1540s, as prothogall "draft of a document," from Middle French prothocole (c.1200, Modern French protocole), from Medieval Latin protocollum "draft," literally "the first sheet of a volume" (on which contents and errata were written), from Greek protokollon "first sheet glued onto a manuscript," from protos "first" (see proto-) + kolla "glue."
Sense developed in Medieval Latin and French from "official account" to "official record of a transaction," to "diplomatic document," and finally, in French, to "formula of diplomatic etiquette." Meaning "diplomatic rules of etiquette" in English first recorded 1896, from French; general sense of "conventional proper conduct" is from 1952. "Protocols of the (Learned) Elders of Zion," Russian anti-Semitic forgery purporting to reveal Jewish plan for world domination, first published in English 1920 under title "The Jewish Peril."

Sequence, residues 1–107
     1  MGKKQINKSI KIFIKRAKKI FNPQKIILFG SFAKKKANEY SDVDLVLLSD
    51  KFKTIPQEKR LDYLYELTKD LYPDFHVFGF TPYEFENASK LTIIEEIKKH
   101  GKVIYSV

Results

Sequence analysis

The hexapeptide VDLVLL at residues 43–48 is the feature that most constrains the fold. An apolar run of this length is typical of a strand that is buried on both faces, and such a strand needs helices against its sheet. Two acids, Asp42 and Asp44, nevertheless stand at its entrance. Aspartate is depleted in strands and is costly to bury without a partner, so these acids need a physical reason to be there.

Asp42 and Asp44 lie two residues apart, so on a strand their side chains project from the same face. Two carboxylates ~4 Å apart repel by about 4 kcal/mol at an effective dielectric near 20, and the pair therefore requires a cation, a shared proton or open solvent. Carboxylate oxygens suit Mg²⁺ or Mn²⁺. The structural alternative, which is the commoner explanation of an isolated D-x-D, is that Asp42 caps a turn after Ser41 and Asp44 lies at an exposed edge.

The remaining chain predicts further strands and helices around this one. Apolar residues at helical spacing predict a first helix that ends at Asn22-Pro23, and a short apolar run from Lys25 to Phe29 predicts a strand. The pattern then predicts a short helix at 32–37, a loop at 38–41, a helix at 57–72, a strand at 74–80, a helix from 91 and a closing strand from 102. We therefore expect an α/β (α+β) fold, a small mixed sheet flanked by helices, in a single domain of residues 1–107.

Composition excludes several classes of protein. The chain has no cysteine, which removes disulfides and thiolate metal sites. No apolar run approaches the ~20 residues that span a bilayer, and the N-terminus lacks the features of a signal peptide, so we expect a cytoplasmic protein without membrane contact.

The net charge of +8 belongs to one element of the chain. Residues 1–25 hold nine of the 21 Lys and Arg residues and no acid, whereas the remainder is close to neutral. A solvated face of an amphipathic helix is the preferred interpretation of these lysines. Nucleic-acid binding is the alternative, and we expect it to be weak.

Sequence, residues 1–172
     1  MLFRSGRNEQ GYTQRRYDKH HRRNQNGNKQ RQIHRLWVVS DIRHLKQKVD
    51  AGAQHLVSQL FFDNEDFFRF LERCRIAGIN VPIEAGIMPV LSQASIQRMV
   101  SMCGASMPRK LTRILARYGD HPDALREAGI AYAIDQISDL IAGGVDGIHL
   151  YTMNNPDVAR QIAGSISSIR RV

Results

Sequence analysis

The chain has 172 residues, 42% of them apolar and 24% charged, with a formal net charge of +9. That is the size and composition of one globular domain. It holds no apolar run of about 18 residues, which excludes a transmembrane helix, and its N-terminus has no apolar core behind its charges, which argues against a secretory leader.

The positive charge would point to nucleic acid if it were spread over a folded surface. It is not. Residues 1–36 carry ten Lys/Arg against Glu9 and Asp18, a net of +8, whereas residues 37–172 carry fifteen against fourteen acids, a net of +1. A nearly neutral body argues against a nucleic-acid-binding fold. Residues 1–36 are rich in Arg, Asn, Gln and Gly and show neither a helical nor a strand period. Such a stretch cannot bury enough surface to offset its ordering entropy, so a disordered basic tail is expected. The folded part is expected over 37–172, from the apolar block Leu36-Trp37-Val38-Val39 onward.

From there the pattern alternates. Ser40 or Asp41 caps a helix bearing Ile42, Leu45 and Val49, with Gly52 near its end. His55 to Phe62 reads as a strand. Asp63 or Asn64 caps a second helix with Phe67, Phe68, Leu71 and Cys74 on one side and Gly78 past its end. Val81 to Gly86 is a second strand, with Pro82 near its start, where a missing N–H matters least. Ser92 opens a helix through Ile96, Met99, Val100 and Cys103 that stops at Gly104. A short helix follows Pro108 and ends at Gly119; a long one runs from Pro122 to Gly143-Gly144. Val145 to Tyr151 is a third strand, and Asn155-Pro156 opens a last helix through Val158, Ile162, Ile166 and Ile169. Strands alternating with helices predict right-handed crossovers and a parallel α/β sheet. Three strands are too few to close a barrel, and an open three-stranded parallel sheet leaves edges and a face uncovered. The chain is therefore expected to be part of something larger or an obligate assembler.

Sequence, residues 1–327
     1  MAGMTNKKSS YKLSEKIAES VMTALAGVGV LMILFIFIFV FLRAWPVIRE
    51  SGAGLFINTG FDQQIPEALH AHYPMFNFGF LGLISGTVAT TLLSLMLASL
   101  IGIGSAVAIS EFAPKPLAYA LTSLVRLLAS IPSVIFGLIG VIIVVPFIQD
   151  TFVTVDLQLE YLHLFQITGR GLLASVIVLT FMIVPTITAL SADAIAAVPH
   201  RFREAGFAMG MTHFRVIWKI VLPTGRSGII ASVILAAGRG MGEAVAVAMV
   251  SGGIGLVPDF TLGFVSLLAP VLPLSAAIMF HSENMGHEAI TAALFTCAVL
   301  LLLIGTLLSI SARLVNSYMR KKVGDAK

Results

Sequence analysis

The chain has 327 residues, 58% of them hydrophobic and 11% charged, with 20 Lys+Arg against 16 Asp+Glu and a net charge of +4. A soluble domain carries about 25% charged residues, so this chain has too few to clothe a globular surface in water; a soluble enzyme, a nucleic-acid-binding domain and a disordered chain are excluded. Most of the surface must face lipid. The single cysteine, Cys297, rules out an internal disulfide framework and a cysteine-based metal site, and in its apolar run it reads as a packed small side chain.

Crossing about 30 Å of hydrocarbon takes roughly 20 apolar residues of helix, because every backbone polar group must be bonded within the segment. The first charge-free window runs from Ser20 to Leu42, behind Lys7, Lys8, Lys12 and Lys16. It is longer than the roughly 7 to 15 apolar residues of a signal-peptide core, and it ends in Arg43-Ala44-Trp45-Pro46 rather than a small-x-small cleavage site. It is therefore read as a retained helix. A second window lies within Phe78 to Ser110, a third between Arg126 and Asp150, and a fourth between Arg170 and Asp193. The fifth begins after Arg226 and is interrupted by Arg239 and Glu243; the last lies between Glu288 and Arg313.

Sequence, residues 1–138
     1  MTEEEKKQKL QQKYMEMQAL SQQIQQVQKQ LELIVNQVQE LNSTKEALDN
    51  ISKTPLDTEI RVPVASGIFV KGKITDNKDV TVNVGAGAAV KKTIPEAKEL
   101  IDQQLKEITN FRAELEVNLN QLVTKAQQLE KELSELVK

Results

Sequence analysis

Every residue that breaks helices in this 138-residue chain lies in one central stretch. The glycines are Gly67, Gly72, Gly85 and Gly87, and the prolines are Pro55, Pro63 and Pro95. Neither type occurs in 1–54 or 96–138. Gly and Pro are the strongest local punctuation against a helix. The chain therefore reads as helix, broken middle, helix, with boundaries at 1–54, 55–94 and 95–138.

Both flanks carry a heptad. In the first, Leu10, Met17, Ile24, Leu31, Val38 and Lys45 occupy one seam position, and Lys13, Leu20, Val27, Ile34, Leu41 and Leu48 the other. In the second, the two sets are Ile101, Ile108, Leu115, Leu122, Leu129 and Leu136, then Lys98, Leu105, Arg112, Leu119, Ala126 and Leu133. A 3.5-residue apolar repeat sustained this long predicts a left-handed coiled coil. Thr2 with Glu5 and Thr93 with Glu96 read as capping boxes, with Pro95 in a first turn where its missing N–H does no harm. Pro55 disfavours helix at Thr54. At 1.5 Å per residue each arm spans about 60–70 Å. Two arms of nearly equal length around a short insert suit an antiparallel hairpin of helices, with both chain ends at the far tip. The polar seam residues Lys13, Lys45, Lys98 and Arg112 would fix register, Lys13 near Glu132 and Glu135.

protocol pro·to·col (prō'tə-kôl', -kōl')
The plan for a course of medical treatment or for a scientific experiment.